Back home, he said, the auxiliary is active in fundraising with bingo and other activities. The money has been used to help needy families at Winter Street Elementary School and to buy meals or meat to benefit the Salvation Army, he said.
As to the state firemen's convention, Schaffer guesses that his company usually spends "around two grand or something" in attending. By going to meetings there, the company's representatives can catch up on new firefighting rules and such information and bring it back to the fire company, he said.
So, Schaffer said, the conventions are useful for his fire company, even at a time when, according to the city fire department, the company isn't fielding any volunteer firefighters.
"Even though we don't have a whole lot going on with the city the way things are set up, we are still set up as a fire company," he said.
What are 'volunteer relations'?
And then, there's the question of the money Western Enterprise has spent on what it has told the IRS are "volunteer relations."
From 1998 through 2007, the fire company has spent a total of $111,232 on "volunteer relations," according to the newspaper's review of the Form 990s.
Asked to explain what "volunteer relations" are, Schaffer — who has been president at least since 1998 and appears to have signed every year's 990 since then — said he doesn't know.
"I don't know what the accountant, how the accountant does that," Schaffer said.
As to other expenses, Western Enterprise is unique among local fire companies in that it pays three of its top officers — or, at least, that is how they are described in the company's Form 990s. At other companies, the top officers commonly volunteer their time.
In 2010, on the report Western Enterprise sent to the IRS, Schaffer is listed as president. He is paid $10,800 a year for working an average of 26 hours a week, the report says.
His wife, Gloria, is listed as auxiliary president. In 2010, the company began paying her $3,300 a year for working an average of 20 hours a week, the report says.
Clyde Tressler is listed as vice president. He is paid $1,200 a year for working an average of two hours a week, the report says.
Schaffer disputed some of that information, as to the roles for which he, his wife and Tressler are being paid.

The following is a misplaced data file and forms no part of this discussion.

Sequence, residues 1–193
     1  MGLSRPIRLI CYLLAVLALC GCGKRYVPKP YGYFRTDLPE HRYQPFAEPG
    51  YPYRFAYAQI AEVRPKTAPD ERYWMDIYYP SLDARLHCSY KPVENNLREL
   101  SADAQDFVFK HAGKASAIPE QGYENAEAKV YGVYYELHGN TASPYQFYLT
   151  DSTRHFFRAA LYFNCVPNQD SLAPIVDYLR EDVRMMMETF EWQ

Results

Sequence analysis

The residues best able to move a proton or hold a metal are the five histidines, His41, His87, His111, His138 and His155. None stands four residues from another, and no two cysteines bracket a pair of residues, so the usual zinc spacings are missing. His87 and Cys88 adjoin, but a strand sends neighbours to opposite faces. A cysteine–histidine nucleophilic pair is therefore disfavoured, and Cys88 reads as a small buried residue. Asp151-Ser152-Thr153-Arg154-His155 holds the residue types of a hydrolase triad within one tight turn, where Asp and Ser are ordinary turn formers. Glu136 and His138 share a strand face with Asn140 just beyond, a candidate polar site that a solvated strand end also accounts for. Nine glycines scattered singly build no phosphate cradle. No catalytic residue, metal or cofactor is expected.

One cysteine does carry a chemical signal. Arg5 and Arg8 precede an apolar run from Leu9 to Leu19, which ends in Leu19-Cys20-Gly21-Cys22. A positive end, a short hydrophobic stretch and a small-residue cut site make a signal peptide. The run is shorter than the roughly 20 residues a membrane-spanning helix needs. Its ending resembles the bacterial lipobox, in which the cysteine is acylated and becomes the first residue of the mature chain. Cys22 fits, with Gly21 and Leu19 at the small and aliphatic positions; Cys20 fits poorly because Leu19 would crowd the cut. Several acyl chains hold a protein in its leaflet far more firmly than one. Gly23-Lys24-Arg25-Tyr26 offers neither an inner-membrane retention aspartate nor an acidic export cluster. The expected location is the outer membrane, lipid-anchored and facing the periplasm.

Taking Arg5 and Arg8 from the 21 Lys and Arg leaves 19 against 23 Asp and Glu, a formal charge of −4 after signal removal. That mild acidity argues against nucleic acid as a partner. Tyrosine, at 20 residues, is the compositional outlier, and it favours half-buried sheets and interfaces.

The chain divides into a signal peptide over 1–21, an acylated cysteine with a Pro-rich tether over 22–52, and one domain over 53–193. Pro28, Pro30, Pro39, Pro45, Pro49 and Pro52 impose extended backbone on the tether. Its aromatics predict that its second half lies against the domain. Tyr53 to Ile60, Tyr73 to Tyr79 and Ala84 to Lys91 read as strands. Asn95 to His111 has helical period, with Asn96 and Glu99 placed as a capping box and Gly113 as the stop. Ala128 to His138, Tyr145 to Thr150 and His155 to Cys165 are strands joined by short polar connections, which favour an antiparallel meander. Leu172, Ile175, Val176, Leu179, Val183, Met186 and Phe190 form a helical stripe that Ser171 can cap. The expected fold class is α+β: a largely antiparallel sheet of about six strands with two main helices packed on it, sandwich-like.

"I don't get paid" as president, James Schaffer said. "No, vice president doesn't get anything. President doesn't get anything. The administrator does. There's a difference."
He is paid $10,800 a year as the administrator to do financial records, order supplies and such tasks, he said. Other times though, like on Saturday nights at bingo, he is a volunteer, he said.
Furthermore, he said, his wife isn't being paid as the auxiliary's president, but rather "to like, run to the accountant to help me because I do all the paperwork, take care of all the state stuff, do all the stuff for accounting."
He said the company's board of trustees decided to pay her to do that work "because if anything happens to me, at least someone will know what's going on with the computer."
And, James Schaffer said, Tressler "hasn't been vice president for years." Instead, he said, Tressler is being paid because he "takes care of all the numbers and figures and all that for the Gaming Commission," as far as reports it needs from the fire company.
It's hard to find people who will volunteer their time for such jobs, Schaffer said. "You're going to find some of the other companies probably do it, too, but they just don't report it that way," he said.
Schaffer said something that's long bothered him is that neither the county government nor Hagerstown's give enough funding to the volunteer fire companies in the city.
He said it isn't fair that the county gives each of the rural companies $48,000 a year as a basic subsidy, while it only gives the six companies in the city $24,500 a year each.
And, he said, it's not fair that the city government only gives each of the six $3,000 a year to help pay to maintain their fire stations for the city's fire apparatus, paid crews and the volunteers.
"Boy! That goes a long way," Schaffer said of the $3,000. "Well, guess what? It takes three times that just to keep the firemen we have in here in toilet paper and towels and stuff like that. We try to keep the (crew) quarters up. They're here 24 hours a day. We pay for (TV) cable for them. It sure takes more than $3,000."
It's small consolation, Chief Dieterich said later, but the city government has agreed to increase the maintenance subsidy to $4,500 a year for each of the companies, beginning this year.